Wednesday 21 February 2018

I feel lucky to walk away on my terms, says Cullen

Bryan Cullen
Bryan Cullen
Donnchadh Boyle

Donnchadh Boyle

Bryan Cullen doesn't have to look too far for perspective. Across the room, Galway's Michael Meehan is explaining the ins and outs of his injury nightmare that has dogged him in recent years, and Cullen quickly realises he's one of the lucky ones.

The pair are of the same vintage, both lauded underage stars who played together at U-17 level for Ireland back in 2001.

Cullen misses football and he misses the Dublin set-up. And he'll miss it more when they run out to a heaving Croke Park in the summer but, unlike Meehan, he got to go on his own terms and there's a comfort in that.

"It'd be great to be 19 forever and play away and have no concerns," Cullen said at the unveiling of Eirgrid as the new sponsors of the U-21 football championship.

"There's a lot more going on in my life now compared to when I was 20/21, even into my mid-20s.

"There's other things I want to do with my life as well and I've given 10-12 years to Dublin football. I'm very lucky with what I've got.

"I looked at Mikey there. Myself and him are the same age. The poor fella is riddled with injury, he hasn't got to play near amount the football that he would have liked.

"I've been the opposite, I've been very fortunate so I can't have too many complaints.

"Yes, I would have liked to have played more in the last two years but it hasn't happened and that's life."

After captaining the Dubs to All-Ireland success in 2011 he gradually slipped down the pecking order. Last year he made just two championship appearances off the bench - he didn't appear after the Leinster semi-final as Dublin manager Jim Gavin looked to youth rather than experience.

And while he agonised over the decision to pack in a senior inter-county career that started under Tommy Lyons back in 2003, he's convinced now that it was the right call.

Factor

"It wasn't the sole reason I decided to walk away but absolutely, it was a contributing factor in my decision. Had I been more involved, it definitely would have been harder to walk away," he reflected.

"In an ideal world everyone wants to go out on a high. But in reality, it doesn't really happen for most athletes. Most footballers, generally, finish up on the bench. That's what happened me.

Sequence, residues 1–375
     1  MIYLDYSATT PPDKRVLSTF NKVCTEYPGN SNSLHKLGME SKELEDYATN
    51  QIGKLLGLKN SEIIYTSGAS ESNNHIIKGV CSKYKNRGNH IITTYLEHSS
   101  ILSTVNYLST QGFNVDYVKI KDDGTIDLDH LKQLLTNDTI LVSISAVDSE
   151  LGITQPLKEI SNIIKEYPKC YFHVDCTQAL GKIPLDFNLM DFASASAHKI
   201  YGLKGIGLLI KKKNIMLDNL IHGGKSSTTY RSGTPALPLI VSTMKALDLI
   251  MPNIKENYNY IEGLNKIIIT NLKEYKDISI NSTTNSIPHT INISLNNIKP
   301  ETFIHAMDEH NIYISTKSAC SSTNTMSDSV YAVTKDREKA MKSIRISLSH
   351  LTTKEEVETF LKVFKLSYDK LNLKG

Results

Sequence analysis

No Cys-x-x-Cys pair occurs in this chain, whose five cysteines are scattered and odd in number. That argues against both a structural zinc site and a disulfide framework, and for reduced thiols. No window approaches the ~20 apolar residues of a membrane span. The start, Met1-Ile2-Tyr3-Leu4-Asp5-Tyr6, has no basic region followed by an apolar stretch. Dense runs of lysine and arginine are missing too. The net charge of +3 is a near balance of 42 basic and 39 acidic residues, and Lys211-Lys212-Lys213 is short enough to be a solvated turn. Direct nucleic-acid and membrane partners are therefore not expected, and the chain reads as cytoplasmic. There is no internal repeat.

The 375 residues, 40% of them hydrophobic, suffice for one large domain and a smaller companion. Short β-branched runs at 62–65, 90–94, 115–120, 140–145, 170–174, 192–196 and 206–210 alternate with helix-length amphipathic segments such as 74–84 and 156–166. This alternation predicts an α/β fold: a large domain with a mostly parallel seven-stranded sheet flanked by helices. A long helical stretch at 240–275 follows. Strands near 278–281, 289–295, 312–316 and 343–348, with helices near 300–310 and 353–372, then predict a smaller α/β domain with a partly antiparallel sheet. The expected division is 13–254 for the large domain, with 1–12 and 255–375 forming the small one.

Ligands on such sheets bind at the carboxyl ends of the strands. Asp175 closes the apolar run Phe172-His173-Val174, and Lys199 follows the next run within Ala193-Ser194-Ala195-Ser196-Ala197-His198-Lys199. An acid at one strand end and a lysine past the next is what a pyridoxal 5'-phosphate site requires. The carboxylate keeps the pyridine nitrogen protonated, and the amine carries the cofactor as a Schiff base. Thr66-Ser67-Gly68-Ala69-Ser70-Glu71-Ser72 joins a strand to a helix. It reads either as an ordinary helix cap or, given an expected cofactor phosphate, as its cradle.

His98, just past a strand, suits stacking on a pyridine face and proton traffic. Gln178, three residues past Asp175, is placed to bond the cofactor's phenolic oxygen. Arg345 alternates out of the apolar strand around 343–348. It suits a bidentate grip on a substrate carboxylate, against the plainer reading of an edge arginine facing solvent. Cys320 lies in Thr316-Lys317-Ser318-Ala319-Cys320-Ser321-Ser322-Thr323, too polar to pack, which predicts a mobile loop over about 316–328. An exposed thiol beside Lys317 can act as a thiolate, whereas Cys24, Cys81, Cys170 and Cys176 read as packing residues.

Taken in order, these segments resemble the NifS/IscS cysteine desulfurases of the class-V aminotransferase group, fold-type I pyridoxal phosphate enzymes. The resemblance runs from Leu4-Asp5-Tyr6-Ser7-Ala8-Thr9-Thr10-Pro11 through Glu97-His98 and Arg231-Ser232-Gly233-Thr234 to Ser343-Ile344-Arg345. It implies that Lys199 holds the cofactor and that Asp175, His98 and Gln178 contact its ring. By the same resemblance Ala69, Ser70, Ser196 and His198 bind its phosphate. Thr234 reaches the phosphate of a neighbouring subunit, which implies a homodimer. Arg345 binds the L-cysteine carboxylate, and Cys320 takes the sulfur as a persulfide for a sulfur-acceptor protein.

"But I had a fabulous 10-12 years playing for Dublin. I'm lucky enough to be walking away with a bunch of provincial medals, National League titles and All-Ireland medals.

"Again, I felt I wasn't chasing any titles towards the end of my career, I was happy with what I had achieved. I suppose that made my decision a little bit easier."

Family, Skerries Harps and his job working on the conditioning of Leinster rugby's youngsters have quickly filled the time once taken up by the pursuit of medals with Dublin.

His profession means he's well placed to comment on the demands placed on GAA players nowadays. The required effort to operate at the top level of football is comparable with anything, Cullen says, but he stops short of Joe Brolly's assessment that players are like "indentured slaves."

"There's no doubt the demands are high and you do have to put a huge amount of effort in," he said.

"It does take up a hell of a lot of time but players want to do it.

"Players understand that an All-Ireland medal is a very difficult thing to win and you do have to invest a lot of your time into getting yourself in good shape.

"Players are obviously willing to do it. Maybe the language was a little bit strong but I understand what he means.

"You do have to give up an awful lot but at the same time it is for a short period of time in your life."

And there it is again. Perspective. His Dublin days may be at an end but there are other things out there for him now.

"It was very difficult (to walk away). Probably a lot of toing and froing, mentally; but personally I think it was the right call.

"And looking back now, I'm happy with my decision."

Irish Independent

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